(The term dual use libraries refers in this instance to libraries located within schools and intended to serve the needs of both the school and the local community.)
The School Library Association believes that dual use libraries work best when the school managers and the managers of the community library service have a shared vision for the service and a clear agreement as to its operation.
A vision statement might be expected to include the intention to maximise the opportunities offered: to provide an inclusive service to the whole community, throughout and beyond the school day; to provide access for learners of all ages and abilities; and to promote lifelong learning and reading for pleasure.
If the library is to be effective it is essential that funding is adequate to provide an appropriate level of staffing and the range and quantity of resources required to support the school curriculum and the learning needs and leisure interests of the community as a whole.
An agreement on the operation of the service may take the form of a policy or a formal service level agreement. It should include statements relating to:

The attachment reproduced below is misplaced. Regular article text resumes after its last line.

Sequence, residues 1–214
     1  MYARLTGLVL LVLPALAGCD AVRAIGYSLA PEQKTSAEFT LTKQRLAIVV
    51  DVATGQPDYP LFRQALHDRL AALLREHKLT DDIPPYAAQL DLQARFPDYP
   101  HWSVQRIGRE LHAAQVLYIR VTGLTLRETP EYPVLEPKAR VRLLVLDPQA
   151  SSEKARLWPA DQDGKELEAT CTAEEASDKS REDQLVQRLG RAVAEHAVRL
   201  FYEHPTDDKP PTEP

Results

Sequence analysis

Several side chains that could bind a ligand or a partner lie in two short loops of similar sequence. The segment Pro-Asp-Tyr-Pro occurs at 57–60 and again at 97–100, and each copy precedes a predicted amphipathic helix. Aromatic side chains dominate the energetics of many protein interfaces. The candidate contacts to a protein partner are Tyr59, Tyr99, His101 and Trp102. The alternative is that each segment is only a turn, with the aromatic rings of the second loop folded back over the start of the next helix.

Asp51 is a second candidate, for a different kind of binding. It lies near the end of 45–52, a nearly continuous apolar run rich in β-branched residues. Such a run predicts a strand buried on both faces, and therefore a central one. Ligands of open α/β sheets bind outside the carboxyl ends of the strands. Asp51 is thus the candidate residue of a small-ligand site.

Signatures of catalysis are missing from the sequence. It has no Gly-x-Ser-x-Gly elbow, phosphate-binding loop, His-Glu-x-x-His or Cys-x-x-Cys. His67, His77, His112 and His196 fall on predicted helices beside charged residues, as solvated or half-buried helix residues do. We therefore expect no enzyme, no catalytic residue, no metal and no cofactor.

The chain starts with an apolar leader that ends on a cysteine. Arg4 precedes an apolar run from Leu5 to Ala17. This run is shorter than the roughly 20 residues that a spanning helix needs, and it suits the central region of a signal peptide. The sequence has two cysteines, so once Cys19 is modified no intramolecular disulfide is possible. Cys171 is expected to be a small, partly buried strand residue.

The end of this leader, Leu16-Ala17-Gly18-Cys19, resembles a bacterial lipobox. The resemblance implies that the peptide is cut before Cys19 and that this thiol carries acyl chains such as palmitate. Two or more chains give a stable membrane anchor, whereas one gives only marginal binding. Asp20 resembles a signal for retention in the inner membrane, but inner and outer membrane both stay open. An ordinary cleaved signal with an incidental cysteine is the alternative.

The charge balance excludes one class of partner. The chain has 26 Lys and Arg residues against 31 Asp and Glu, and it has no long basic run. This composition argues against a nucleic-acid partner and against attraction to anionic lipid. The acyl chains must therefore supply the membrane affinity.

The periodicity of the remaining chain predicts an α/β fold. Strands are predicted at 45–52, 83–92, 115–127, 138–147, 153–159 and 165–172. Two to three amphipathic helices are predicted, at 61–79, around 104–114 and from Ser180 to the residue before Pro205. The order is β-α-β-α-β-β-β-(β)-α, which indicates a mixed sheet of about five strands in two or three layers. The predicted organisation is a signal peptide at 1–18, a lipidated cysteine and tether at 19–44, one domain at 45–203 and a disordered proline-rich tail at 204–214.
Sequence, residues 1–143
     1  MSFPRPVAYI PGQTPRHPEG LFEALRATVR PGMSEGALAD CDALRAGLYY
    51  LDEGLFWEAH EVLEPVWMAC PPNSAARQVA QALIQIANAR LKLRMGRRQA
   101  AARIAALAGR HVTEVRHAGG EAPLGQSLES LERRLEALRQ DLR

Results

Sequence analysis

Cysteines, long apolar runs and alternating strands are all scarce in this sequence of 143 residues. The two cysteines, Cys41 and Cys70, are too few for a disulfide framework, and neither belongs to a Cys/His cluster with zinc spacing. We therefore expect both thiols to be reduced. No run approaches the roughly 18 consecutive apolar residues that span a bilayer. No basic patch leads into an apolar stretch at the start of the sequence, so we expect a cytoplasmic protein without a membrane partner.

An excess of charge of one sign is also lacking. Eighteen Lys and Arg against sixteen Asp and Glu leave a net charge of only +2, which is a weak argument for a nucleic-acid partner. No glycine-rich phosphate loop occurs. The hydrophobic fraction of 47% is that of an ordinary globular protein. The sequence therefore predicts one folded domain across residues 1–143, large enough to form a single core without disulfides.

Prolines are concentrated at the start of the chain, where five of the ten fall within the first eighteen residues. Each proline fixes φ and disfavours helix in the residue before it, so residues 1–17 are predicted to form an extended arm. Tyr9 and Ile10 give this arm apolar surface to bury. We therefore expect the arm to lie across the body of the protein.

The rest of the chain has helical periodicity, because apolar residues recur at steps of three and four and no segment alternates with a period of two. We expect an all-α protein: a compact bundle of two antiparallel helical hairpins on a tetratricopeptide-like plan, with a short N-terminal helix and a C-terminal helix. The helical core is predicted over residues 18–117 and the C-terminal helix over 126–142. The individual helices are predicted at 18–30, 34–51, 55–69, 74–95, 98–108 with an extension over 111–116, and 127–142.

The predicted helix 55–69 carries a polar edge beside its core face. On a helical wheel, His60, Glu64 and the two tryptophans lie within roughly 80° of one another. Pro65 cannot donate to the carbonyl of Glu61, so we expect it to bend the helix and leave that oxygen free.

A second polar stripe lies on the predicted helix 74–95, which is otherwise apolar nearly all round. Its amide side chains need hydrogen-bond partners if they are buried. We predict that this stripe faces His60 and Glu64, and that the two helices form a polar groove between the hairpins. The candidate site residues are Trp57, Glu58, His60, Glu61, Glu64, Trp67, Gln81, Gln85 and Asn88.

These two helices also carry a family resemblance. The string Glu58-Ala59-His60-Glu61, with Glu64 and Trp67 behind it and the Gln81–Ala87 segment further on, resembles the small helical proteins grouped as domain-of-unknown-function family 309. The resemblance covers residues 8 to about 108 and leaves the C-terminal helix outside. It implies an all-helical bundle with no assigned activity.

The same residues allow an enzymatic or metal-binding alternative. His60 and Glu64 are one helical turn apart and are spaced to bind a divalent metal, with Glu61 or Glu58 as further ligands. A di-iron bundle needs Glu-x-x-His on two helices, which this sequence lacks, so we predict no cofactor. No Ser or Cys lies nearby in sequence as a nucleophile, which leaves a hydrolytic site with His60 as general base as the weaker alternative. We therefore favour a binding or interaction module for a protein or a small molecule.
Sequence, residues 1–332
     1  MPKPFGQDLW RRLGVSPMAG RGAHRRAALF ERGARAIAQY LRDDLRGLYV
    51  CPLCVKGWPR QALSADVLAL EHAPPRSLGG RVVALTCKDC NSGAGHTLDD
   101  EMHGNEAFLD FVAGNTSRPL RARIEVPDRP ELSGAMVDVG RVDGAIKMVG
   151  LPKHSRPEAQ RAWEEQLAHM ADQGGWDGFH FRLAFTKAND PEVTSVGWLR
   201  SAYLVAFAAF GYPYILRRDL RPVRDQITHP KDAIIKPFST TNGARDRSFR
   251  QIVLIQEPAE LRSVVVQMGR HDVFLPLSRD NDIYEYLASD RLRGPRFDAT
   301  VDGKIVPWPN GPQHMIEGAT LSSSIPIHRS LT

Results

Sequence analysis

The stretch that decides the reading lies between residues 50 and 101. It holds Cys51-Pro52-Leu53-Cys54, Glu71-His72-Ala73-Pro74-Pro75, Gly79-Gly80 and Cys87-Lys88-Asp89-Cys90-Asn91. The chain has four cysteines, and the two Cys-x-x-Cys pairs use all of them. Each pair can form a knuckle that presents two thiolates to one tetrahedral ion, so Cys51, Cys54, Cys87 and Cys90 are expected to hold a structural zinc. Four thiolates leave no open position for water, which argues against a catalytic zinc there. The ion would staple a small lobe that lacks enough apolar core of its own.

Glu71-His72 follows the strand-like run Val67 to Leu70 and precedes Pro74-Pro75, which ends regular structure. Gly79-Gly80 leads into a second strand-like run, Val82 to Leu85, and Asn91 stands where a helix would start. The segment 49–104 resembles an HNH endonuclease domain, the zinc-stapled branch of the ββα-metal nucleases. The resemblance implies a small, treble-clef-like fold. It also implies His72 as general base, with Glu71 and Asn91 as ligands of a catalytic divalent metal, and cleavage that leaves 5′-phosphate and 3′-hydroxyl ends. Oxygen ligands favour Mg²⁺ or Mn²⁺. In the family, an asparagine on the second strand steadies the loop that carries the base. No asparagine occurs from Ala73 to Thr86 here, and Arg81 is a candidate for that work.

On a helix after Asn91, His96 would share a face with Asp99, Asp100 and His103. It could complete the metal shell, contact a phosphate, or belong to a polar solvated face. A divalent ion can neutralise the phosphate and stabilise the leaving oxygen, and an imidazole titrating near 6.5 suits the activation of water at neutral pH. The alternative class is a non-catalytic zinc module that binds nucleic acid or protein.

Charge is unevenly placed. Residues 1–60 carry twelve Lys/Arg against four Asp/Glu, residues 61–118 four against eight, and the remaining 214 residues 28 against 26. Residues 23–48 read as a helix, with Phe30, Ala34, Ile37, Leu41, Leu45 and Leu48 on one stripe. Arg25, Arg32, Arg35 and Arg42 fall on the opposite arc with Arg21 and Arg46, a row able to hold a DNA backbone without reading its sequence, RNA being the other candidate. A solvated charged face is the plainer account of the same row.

Ideally the library should be available to pupils throughout the school day. To maximise the advantages of being dual use, it should also be available to other members of the community during the school day and at other times (evenings and weekends) according to community needs.
The security of pupils will need to be considered. Staffing levels should be adequate to provide supervision and guard against inappropriate contact with members of the community, and staff should be given child protection training. The layout of the library should be designed to give good lines of sight.
There should be sufficient professional librarians and library assistants to: manage the library; support the learning and personal reading needs of pupils, school staff and other members of the community; collaborate with teaching staff to support library based learning and develop information literacy skills; and operate the library on a day to day basis. Line management of staff should be clearly defined.
Stock should reflect both the curricular needs of the school and the needs of the local community. Ideally the stock will be integrated, but with provision for items to be retained for school use only, when needed for curricular work.
The budget may be held by the school or by the public library service. Ideally both should contribute an agreed proportion of it.
Public Library and school managers should both have an input into the management of the library, but responsibilities should be clearly defined, particularly for the management of staff and of the building, so that decisions can be made quickly when necessary.